What Draws Me to StrongFirst

First and foremost, it’s both hard-core and safe. I’ve never seen anything that is both this intense and this safe at the same time. There are many hard-core training options out there. I’ve tried most of them, and have the injuries to prove it. Now, I treat a workout like a practice session, and I leave that practice session feeling stronger and moving better than when I started (usually).

What evidence do I have that it works? Well, I have used StrongFirst methods to prepare me for multiple deployments, rock and mountain climbing trips, and various other adventures. Currently, I use StrongFirst methods to get ready for hunting season, ski season, other hobbies, and simply living life. Regardless of what you do or where you are, you have to be StrongFirst.

Strength has a greater purpose
In 2008, I used the kettlebell to prepare me for climbing Denali (Mount McKinley). I was shocked at how well it prepared me.

Back to the Workout…

I mean the practice session. I did a few deadlifts, goblet squats, and halos to warm up. I noticed the warm-up had me breathing pretty heavily. Breathing behind the shield, under load, at this altitude was already interesting.

After the warm-up, I did a few sets of kettlebell clean and presses, my favorite upper body exercise. Its obvious benefits are shoulder and upper body strength. The hidden benefit is overall core strength. Try picking something heavy up, putting it overhead, and tell me it doesn’t engage your core more than half-crunches on a ball.

It was interesting to be this winded doing clean and presses — until I remembered I was above 10,000 feet. My watch wasn’t correctly calibrated, but it was close. No wonder I was slightly winded by clean and presses. Would have done some get-ups, but they are typically not much fun on asphalt parking lots.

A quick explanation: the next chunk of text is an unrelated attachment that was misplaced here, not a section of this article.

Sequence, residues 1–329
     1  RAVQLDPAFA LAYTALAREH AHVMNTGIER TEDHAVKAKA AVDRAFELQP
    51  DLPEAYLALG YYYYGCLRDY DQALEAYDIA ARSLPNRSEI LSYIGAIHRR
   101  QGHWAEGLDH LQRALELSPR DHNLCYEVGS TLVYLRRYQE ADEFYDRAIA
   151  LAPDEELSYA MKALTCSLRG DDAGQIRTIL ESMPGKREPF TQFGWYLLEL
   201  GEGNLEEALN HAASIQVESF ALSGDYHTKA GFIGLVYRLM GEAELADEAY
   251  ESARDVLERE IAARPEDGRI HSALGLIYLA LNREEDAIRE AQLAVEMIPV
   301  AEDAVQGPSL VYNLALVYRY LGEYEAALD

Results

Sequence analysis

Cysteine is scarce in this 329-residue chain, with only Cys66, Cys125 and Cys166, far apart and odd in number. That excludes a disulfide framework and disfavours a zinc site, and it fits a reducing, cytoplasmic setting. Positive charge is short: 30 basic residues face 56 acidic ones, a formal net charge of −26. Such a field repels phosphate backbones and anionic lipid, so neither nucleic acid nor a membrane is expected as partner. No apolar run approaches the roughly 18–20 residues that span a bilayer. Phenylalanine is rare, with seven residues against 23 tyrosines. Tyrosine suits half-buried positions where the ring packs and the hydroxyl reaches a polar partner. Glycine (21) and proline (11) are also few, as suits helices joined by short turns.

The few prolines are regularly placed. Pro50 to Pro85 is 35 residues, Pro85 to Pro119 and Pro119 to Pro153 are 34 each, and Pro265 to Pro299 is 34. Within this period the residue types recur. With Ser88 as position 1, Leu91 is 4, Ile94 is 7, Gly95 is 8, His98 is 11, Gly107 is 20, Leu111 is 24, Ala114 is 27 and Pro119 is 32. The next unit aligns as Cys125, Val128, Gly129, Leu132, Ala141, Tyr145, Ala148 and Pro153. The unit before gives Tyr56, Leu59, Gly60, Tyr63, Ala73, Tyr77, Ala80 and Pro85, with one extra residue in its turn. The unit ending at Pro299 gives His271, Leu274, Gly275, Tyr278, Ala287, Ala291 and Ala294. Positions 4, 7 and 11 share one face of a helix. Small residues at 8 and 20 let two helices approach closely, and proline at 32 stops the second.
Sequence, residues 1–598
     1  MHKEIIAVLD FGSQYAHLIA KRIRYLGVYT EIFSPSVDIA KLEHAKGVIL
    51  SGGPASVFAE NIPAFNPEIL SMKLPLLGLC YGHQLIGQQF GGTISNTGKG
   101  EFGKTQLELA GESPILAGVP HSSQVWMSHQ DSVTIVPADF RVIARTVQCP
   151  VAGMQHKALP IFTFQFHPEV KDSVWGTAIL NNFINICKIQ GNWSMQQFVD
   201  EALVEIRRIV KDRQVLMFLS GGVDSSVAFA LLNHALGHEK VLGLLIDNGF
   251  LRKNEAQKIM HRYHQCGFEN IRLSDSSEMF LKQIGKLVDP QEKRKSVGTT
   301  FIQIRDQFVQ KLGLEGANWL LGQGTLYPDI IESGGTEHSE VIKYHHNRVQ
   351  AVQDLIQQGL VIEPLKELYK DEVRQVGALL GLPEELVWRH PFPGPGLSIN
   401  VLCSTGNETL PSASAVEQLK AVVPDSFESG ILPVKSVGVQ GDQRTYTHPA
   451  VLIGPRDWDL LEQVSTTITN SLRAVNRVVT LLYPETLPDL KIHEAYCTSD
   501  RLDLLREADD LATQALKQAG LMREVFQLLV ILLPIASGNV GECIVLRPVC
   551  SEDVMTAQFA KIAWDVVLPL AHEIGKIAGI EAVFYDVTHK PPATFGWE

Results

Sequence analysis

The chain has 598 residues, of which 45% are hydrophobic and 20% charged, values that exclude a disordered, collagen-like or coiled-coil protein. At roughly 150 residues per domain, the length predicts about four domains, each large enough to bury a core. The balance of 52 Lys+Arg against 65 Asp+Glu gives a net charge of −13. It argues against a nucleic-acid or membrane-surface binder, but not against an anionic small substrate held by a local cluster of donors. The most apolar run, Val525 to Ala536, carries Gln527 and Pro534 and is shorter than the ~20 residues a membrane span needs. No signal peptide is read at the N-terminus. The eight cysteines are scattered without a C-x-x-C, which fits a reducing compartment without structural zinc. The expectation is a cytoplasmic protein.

kettlebell training at altitude
The elevation reading on my watch.

After my presses were done, I switched to one-arm swings. Ever since Simple & Sinister this has become a favorite ballistic exercise of mine. I planned on doing 10 right / 10 left on the minute, every minute for 8 minutes (using the 24kg bell). The preious week, I had worked up to 7 minutes before noticing my form slipping. That’s 140 reps. I hoped to get 160 this week. I want to hit 200 reps in 10 minutes before switching to the 32.

But, this practice session occurred at 10,000 feet, after a busy work day, and while fasting close to 24 hours. Needless to say, my form started to suffer at the seventh minute. I decided to call it. I’d only hit 140 reps. Oh well, quality over quantity. Practice, not a workout.

I’m by no means a physical specimen. I spent nearly twelve years in the Navy surrounded by people that were, so I know one when I see one. Many StrongFirst instructors and practitioners can easily surpass these numbers. The numbers are not the point.